[1] At this time of composition, a text transcript was not available. For convenience, I have used many quotes pulled from the Deseret News summary by Marianne Holman, accessed here: http://www.deseretnews.com/article/765620144/President-Uchtdorf-speaks-at-fireside-urges-listeners-to-learn-to-recognize-the-truth.html

[2] “Acting on the Truths of the Gospel of Jesus Christ”, https://www.lds.org/broadcasts/article/worldwide-leadership-training/2012/01/acting-on-the-truths-of-the-gospel-of-jesus-christ?lang=enge

[3] “All Are Alike Unto God”, http://speeches.byu.edu/?act=viewitem&id=1570 – While McConkie held onto many other notions regarding the reasons and justifications for the ban, his willingness to publicly acknowledge error in this specific regard is notable, and commendable.

[4] Please review the outstanding and unparalleled work of Edward L. Kimball in https://byustudies.byu.edu/showTitle.aspx?title=7885

[5] See “The Reflection in the Water” – http://www.lds.org/ldsorg/v/index.jsp?locale=0&sourceId=81e3f5036e881210VgnVCM100000176f620a____&vgnextoid=43d031572e14e110VgnVCM1000003a94610aRCRDIs it all right to have questions about the Church or its doctrine? My dear young friends, we are a question-asking people because we know that inquiry leads to truth. That is the way the Church got its start—from a young man who had questions. In fact, I’m not sure how one can discover truth without asking questions. In the scriptures you will rarely discover a revelation that didn’t come in response to a question. Whenever a question arose and Joseph Smith wasn’t sure of the answer, he approached the Lord, and the results are the wonderful revelations in the Doctrine and Covenants. Often the knowledge Joseph received extended far beyond the original question. That is because not only can the Lord answer the questions we ask but, even more importantly, He can give us answers to questions we should have asked. Let us listen to those answers.”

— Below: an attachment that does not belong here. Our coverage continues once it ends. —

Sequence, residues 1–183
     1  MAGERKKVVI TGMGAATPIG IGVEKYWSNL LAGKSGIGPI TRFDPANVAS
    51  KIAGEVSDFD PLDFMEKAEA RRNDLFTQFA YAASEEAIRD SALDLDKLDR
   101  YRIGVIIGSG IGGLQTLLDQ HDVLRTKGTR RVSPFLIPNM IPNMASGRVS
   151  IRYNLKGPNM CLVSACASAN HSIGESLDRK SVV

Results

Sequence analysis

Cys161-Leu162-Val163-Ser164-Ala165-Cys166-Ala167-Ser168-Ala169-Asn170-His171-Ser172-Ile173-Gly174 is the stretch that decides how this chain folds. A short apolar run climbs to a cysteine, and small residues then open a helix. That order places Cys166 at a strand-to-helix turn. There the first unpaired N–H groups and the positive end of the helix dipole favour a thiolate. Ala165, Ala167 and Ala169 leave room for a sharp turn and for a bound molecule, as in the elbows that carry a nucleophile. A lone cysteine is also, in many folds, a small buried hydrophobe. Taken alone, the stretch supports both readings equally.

[6] The original context was to external oppositional forces. I believe that it is not improper to apply the impediments to those on the inside as well.


Comments

Of Prophets, Elephants, Truth and Charity — 5 Comments

  1. Thanks for this — I had only heard a snippet of the talk that seemed to vilify the doubter. I’ll have to go back and read the whole thing.

  2. Brad,